Thus, the hand washing and drying device of the present invention is extremely simple and economical of construction while yet providing the highly desirable features discussed above.
Other features and advantages of the invention will be apparent from the following description taken in connection with the accompanying drawing wherein:
FIG. 1 is a fragmentary perspective view illustrating the mounting of the washing and drying device embodying the invention on a room wall;
FIG. 2 is a front elevation thereof;
FIG. 3 is a fragmentary vertical section taken substantially along the line 3--3 of FIG. 2;
FIG. 4 is a fragmentary vertical elevation taken substantially along the line 4--4 of FIG. 2;
FIG. 5 is a fragmentary side elevation view, partially in section, illustrating the apparatus of the present invention in use by a person in a wheelchair;
FIG. 6 is a rear perspective view of the bowl for the hand washing and drying device of the present invention;
FIG. 7 is a fragmentary vertical section taken substantially along the line 3--3 of FIG. 2, with the cabinet and other structure omitted to illustrate details of the warm water supply for the washing and drying device embodying the invention;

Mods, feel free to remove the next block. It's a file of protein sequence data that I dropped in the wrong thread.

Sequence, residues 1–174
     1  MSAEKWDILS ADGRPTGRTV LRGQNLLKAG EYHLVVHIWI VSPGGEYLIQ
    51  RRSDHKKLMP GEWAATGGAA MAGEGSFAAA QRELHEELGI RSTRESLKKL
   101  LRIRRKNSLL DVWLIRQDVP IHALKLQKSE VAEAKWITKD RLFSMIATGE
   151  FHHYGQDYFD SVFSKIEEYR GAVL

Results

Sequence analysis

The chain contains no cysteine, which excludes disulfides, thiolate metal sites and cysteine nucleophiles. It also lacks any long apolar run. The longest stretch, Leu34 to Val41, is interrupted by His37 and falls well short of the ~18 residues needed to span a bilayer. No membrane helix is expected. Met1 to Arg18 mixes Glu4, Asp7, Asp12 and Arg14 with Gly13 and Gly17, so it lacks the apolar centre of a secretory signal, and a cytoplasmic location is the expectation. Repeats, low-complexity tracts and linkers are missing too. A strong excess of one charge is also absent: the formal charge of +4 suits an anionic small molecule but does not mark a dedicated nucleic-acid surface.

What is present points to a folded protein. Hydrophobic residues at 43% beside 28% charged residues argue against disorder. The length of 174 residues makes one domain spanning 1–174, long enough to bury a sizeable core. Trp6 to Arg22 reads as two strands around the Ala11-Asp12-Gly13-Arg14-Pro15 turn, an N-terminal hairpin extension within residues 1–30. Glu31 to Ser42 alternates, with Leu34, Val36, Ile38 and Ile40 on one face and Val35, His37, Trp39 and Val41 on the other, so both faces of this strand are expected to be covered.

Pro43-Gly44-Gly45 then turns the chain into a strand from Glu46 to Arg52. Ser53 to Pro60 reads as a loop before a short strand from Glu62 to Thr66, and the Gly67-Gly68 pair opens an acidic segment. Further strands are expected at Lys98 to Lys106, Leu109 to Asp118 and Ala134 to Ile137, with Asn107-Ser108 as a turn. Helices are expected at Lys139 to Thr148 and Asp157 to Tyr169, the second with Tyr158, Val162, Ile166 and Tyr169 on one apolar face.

FIG. 8 is a fragmentary vertical section taken substantially along the line 4--4 of FIG. 2, with the cabinet and other structure ommitted to illustrate details of the hand drying air supply for the washing and drying device embodying the invention; and
FIG. 9 is an exploded perspective view of the housing and hanger prior to the assembly thereof.
In the exemplary preferred embodiment of the invention as disclosed in the drawing, a hand washing and drying device generally designated 10 is shown to include a bowl 11 defining a hand washing and drying space 12.
The ornamental design of the preferred embodiment of the invention is disclosed and claimed in copending U.S. patent application Ser. No. D866,174 of Lawrence E. Wolske entitled "Multi-Purpose Plumbing Fixture Bowl and Cabinet Assembly", filed Dec. 30, 1977, now U.S. Pat. No. D261,420 and owned by the assignee hereof.
The device 10 is recessed so that the rear surface of the bowl 11 projects inwardly to provide a partially enclosed space to receive the hands for the washing and drying operation. The device includes means provided for supplying hand washing material, including a soap dispenser 13 and a warm water supply 14. Means 15 are provided for supplying hand drying air. The bowl is mounted in a cabinet 16 which, as shown in FIG. 1, is arranged to be mounted to a suitable wall 17, as shown in FIG. 3 in vertically spaced relationship to a subjacent floor 18.